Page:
The novel coronavirus may be linked to increased risk of developing mental illnesses or brain disorders, a study by a University of Oxford professor suggested.
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One in eight people who were infected with COVID-19 are diagnosed with a psychological or neurological illness within six months of testing positive, Dr. Max Taquet, from the department of psychiatry at Oxford, found.
That amounts to 33.6 percent of COVID-19 patients, Taquet said.
In patients with a previous history of mental or brain disorders, the chances of developing a new illness increased to one in three, the research found.
The study – which is yet to be peer-reviewed – analyzed the electronic health records of 236,379 hospitalized and non-hospitalized coronavirus patients in the United States.
It compared the group with others who were diagnosed with influenza or with respiratory tract infections between January 20 and December 13, 2020.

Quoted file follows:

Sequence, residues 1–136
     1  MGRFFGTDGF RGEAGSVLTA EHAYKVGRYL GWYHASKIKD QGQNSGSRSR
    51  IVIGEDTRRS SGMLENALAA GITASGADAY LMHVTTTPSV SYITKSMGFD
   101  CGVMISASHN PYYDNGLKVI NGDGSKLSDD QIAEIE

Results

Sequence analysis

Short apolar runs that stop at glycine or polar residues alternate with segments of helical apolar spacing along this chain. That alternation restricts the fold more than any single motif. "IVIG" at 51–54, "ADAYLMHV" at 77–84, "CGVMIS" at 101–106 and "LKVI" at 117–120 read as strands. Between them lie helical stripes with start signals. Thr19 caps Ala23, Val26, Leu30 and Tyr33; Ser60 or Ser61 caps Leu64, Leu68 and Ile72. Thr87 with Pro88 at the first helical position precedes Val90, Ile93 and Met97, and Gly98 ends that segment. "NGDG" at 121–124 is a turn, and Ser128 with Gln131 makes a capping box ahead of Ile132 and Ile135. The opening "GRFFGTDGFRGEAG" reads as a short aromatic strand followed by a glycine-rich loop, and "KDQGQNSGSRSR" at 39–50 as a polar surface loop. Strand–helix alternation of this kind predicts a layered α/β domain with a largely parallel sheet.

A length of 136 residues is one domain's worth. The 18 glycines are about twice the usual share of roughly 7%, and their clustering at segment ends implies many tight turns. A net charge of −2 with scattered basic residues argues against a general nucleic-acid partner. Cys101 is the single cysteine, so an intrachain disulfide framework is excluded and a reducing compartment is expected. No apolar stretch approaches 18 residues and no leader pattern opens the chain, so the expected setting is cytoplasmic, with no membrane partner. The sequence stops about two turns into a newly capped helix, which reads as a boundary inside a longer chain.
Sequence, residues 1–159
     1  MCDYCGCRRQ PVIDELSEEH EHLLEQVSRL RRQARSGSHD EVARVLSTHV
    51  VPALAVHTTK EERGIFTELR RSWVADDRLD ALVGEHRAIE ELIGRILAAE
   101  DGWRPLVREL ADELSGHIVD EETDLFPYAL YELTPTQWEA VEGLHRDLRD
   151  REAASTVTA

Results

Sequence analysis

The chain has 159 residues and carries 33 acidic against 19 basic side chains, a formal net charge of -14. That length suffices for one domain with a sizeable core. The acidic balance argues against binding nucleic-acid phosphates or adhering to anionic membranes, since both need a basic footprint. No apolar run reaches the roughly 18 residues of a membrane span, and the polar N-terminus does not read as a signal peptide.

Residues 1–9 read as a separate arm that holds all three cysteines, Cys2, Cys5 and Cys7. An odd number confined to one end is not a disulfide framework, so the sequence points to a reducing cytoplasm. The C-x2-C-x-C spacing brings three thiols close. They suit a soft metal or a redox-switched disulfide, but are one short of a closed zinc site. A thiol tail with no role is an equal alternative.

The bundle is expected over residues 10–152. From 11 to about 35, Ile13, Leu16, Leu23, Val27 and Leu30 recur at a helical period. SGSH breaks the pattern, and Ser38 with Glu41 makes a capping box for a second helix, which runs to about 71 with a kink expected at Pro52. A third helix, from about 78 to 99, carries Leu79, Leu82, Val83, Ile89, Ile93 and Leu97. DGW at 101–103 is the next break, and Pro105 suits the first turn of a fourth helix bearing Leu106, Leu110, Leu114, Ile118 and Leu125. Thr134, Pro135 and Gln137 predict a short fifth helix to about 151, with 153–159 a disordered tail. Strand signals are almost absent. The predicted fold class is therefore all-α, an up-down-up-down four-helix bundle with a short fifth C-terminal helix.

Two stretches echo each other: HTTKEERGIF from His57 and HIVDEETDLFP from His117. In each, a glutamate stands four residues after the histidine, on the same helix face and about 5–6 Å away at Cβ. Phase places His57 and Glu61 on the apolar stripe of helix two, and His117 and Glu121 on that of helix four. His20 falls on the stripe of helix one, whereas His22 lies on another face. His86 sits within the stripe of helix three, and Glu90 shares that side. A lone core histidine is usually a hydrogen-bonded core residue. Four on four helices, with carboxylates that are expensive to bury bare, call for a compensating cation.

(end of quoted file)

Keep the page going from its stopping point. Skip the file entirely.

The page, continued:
The researchers found that most diagnoses – including stroke, acute bleeding inside the skull or brain, dementia, and psychotic disorders – were more common in COVID-19 patients than in patients with influenza or respiratory infections.
The study may confirm ongoing debate on the long-lasting and detrimental effects of the pandemic on patients.
“This is likely due to a combination of the psychological stressors associated with this particular pandemic and the physical effects of the illness,” Michael Bloomfield, a consultant psychiatrist at University College London, told Reuters about a similar study in November.